In addition, deaths attributed to influenza and pneumonia are significantly higher in Indigenous Australians.6 Among age groups either not targeted for influenza vaccination (0–4 years), or where only those with risk factors such as chronic cardiac or pulmonary disease are targeted (25–49 years), the respective mortality rates are 17 times and 28 times higher for Indigenous Australians than for non-Indigenous Australians.6 In contrast, among Indigenous adults aged 50 years and over, in whom universal influenza and pneumococcal vaccination is funded, the differential mortality rate is much less (three times higher). This suggests that the vaccination program has had an impact and justifies examining more closely the expansion of universal vaccination of Indigenous people to younger age groups.
As to the delivery of current programs, several presentations at the Public Health Association of Australia’s national immunisation conference in 200410 were pertinent. The conjugate pneumococcal vaccine program (introduced in 2001) provided another example of the success of appropriately targeted vaccination programs, reducing for the first time, in 2003, the national incidence of invasive pneumococcal disease in Indigenous children under 2 years of age to the levels in non-Indigenous children.11 This is similar to the impact of such a program in the United States.4
Other conference presentations highlighted the problems of vaccination delivery to Indigenous Australians in general practice. Although general practice is crucial for vaccine delivery in non-remote areas, only 27% of respondents to a national survey of GPs had a routine system for ascertaining whether their patients are Indigenous.12 Yet, Aboriginal and Torres Strait Islander people are happy to be asked about Indigenous status, provided it is done respectfully, and the reasons are explained.13 Improving GPs’ identification of Indigenous status could help increase vaccination rates of Indigenous Australians in general practice, which are lower than those of non-Indigenous Australians,14 and is vital for targeted vaccination. Improving identification is particularly important in non-remote areas, where vaccination coverage of Indigenous people is consistently lower than in remote areas,6 and where the characteristics of successful programs — accurate data on vaccination status, active promotion and outreach services, and effective collaboration across community, health authorities and providers15 — are less likely to be found.
Vaccination is a safe, well accepted intervention which offers an opportunity to develop solutions in healthcare delivery that can be applied more generally. Although vaccination programs targeted only to Indigenous Australians will have less impact than universal programs, particularly in urban areas where Indigenous status may not be identified, the higher burden of disease in Indigenous people will continue to make targeting attractive.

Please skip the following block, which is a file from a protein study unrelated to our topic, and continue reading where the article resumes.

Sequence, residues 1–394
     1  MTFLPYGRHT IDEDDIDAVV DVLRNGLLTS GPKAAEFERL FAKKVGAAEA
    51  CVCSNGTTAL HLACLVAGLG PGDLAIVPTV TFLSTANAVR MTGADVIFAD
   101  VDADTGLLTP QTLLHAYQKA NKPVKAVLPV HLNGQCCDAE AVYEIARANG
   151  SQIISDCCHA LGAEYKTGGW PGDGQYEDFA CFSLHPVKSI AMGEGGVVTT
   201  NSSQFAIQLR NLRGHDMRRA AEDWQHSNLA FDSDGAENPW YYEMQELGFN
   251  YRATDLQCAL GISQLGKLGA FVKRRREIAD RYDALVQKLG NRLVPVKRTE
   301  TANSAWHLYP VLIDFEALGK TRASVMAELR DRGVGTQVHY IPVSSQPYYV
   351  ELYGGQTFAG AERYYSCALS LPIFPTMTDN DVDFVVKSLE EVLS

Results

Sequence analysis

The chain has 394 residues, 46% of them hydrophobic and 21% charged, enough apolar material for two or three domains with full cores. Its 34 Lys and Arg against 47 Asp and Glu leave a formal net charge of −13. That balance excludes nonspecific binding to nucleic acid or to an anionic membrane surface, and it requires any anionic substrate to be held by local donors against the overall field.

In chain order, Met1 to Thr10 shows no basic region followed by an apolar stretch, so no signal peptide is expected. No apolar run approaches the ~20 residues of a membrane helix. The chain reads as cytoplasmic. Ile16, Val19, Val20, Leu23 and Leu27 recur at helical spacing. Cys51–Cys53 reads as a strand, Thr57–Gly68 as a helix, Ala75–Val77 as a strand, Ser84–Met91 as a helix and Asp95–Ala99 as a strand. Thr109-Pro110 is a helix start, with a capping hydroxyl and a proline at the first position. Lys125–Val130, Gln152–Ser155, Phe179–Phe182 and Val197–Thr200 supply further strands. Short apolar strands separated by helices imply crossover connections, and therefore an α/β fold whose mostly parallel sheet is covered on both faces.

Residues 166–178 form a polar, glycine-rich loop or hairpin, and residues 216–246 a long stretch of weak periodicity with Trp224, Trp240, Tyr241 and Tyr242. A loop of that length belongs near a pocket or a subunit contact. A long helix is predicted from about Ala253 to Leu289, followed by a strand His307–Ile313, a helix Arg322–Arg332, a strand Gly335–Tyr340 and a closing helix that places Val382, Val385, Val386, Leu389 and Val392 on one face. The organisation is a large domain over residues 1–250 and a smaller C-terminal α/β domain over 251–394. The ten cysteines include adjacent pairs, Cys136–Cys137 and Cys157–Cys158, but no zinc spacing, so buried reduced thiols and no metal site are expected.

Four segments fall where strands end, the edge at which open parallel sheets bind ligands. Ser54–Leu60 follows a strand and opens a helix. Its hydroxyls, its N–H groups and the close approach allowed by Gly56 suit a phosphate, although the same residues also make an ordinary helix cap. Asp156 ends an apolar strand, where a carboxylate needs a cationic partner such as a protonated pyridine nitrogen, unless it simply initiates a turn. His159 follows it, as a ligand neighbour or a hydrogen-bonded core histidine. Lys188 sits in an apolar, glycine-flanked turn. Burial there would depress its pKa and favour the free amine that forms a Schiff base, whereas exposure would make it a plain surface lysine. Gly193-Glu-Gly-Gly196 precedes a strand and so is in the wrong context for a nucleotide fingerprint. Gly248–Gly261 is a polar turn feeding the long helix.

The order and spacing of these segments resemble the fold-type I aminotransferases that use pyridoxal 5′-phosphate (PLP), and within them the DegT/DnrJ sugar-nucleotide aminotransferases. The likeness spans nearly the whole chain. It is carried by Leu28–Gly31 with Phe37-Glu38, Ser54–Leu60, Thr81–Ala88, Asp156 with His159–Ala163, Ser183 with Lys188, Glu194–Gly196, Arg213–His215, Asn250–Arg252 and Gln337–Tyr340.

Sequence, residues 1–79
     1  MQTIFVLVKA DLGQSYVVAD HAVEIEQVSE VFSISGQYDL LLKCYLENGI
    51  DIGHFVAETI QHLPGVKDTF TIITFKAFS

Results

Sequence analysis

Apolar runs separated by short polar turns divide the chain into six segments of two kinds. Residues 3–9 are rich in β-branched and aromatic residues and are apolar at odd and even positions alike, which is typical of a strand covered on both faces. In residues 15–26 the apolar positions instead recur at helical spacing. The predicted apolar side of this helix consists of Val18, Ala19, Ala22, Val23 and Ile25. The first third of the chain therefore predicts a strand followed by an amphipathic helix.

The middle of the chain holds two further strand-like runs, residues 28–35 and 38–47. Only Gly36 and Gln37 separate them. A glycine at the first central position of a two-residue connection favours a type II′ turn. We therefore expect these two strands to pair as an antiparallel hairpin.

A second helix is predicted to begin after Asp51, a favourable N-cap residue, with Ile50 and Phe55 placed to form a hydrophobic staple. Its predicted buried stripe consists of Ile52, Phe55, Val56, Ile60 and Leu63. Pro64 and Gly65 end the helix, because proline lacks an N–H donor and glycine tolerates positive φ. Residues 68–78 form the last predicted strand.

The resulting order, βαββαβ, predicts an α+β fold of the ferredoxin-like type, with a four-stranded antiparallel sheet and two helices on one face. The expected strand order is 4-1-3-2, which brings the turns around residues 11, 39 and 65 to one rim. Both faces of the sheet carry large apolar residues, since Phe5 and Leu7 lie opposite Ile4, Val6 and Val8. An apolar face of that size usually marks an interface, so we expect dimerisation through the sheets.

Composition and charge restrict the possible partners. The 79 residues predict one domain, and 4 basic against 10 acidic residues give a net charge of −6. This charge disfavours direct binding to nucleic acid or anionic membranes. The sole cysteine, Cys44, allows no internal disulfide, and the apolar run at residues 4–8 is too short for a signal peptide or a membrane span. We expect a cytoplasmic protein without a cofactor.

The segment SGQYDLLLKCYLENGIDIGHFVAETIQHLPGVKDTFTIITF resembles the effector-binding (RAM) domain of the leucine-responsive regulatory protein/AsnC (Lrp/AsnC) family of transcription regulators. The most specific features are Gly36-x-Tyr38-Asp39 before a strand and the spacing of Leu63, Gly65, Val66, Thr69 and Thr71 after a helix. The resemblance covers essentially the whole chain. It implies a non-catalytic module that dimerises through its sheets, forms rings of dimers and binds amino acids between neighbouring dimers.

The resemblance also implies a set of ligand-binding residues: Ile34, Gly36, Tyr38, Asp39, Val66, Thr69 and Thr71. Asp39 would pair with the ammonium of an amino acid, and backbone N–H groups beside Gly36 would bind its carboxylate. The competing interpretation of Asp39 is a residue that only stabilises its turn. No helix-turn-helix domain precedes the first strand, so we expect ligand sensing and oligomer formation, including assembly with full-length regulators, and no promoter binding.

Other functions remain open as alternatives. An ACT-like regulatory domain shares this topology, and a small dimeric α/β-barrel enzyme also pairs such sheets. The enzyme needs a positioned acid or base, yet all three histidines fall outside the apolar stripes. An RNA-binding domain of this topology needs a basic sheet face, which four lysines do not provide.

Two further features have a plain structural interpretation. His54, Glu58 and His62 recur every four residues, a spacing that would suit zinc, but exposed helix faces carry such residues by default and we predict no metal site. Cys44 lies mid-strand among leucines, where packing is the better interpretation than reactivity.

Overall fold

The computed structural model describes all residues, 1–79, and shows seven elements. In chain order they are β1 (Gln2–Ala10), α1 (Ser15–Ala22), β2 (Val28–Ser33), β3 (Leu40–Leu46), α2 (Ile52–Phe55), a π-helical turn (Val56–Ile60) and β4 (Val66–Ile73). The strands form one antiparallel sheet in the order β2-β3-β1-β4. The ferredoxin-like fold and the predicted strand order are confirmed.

However, to translate the success shown by regional targeted programs8 to the national level requires substantial investment to improve both data collection (eg, ascertainment of Indigenous status in general practice and completeness of the Australian Childhood Immunisation Register) and service delivery (through culturally appropriate and accessible services). Provision of resources for active program monitoring and coordination equivalent to that found in successful programs in more remote areas is needed.
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- 13. Vlack S, Williams G, Riley I, et al. Views of Aboriginal and Torres Strait Islander people about being identified as Indigenous in the context of immunisation [abstract]. Proceedings of the 9th National Immunisation/1st PHAA Asia Pacific Vaccine Preventable Diseases Conference. Immunisation at the crossroads; challenges and strategies. 19-20 Aug 2004; Cairns, QLD. Canberrra, Public Health Association of Australia, 2004: 41.
- 14. Britt H, Miller GC, Knox S, et al. General practice activity in Australia 2002–2003. Canberra: Australian Institute of Health and Welfare, 2003: 127. (AIHW catalogue no. GEP 14.)
- 15. Joseph T, Menzies R, McIntyre P, Atkinson R. Vaccination of Indigenous adults in the community controlled sector — what is done and what works? [abstract]. Proceedings of the 9th National Immunisation/1st PHAA Asia Pacific Vaccine Preventable Diseases Conference. Immunisation at the crossroads: challenges and strategies. 19-20 Aug 2004; Cairns, QLD. Canberrra, Public Health Association of Australia, 2004: 43.